was in the church in the wilderness with remarkable device of the Ark of the the angel which spake to him in the Covenant, with its appurtenances of the Mount Sinai, and with our fathers; who Glory and the Cherubim was nothing received the lively oracles to give unto but a sensible embodiment of this ancient us. Here it is evident that the 'Angel' and established idea, which had been mentioned is no other than he who was familiar to the patriarchs from the earli. the great Speaker on the occasion of the est ages of the world. To this ideal delivery of the Law, and that this was Je host, though ultimately adumbrating hovah himself in his appropriate symbol men rather than any other order of be. of the cloudy pillar is, we think, indubit. ings, yet with entire propriety they as. able. But here there is comparatively signed the title of angels. That these little difficulty, as the term 'Angel’ is angelic hosts should constitute a dissingular and refers plainly to a single tinguishing part of the supernatural appersonage. In the following passages paratus of the present scene would be a however the term is plural, and the so. matter of course; and nothing would be lution, not so directly obvious. Gal. 3. more congruous to scriptural usage than 19, 'It (the Law) was ordained by an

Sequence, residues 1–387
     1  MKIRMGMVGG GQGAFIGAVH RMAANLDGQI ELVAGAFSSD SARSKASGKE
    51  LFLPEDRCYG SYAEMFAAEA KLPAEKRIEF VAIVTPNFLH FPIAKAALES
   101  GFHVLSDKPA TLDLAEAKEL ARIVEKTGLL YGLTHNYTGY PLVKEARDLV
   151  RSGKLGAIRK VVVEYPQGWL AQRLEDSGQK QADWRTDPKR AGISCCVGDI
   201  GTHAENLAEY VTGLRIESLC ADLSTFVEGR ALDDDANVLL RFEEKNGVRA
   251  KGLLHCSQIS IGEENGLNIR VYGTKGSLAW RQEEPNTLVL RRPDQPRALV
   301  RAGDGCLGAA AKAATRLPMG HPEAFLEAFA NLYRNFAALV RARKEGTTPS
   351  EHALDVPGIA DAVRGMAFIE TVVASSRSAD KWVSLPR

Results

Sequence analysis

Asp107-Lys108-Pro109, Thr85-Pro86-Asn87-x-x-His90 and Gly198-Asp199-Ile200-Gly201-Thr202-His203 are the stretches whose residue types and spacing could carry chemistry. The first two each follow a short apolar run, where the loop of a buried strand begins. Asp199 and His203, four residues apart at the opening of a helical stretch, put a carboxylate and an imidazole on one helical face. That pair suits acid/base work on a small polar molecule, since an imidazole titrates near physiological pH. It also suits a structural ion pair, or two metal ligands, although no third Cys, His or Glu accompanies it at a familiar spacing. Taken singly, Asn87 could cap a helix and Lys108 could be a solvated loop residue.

to ascribe to them a special agency or gels in the hand of a mediator. Again, execution on the occasion, from their be. Heb. 2. 2, 'For if the word spoken by ing present, consenting, and cooperating angels was steadfast, &c. No one can with the divine Lawgiver. It is ascribed fail to see that in these passages the to them on the same grounds on which presence of angels is recognized as in Paul affirms that the saints shall judge some way connected with the sublim. the world, by which at the same time ities and sanctities of the awful scene. nothing more is meant than that they It is not merely the one Angel of the shall be coinciding assessors with the Shekinah who is referred to, but there great Judge himself. That this New is a clear implication of the accom- Testament mode of speaking of the de. panying presence of a multitude of the livery of the Law is warranted by the heavenly hosts. How then is this to be usus loquendi of the Hebrew Scriptures understood ? Moses in his narrative will be evident from the following cita. says nothing of such an angelic append. tions. Deut. 33. 2, “The Lord came age to the scene, and it is an important from Sinai, and rose up from Seir unto enquiry whence such a usage of speech them; he shined forth from mount Pamay be supposed to have originated. It ran, and he came with ten thousands of will be seen from our Notes on Ex. 25. saints: from his right hand went a fiery 18, that the Cherubim are properly to be law for them.' Here the ten thousands regarded as a symbol of multitude; and of saints' are ten thousands of holy ones ample proof may be adduced that a or holy myriads (W7pnoza mëribboth multitude of angelic attendants was al. kodesh),' and this is but another name ways supposed to accompany the She- for angels. Thus also Ps. 68.7, 8-17,'0 kinah. From the very first introduc- God, when thou wentest forth before thy tion of these sacred symbols into the people, when thou didst march through divine economy at the garden of Eden the wilderness; The earth shook, the they were always viewed in this light, heavens also dropped at the presence and though occasionally the visible of God: even Sinai itself was moved at Glory might appear when the accom. the presence of God, the God of Israel. panying multitudes did not, yet in the The chariots of God are twenty thouminds of the chosen people they were sand, even thousands of angels: the Lord habitually associated with it and viewed is among them, as in Sinai, in the holy as in fact involved in it. Indeed, the place. This, taken in its connexions, is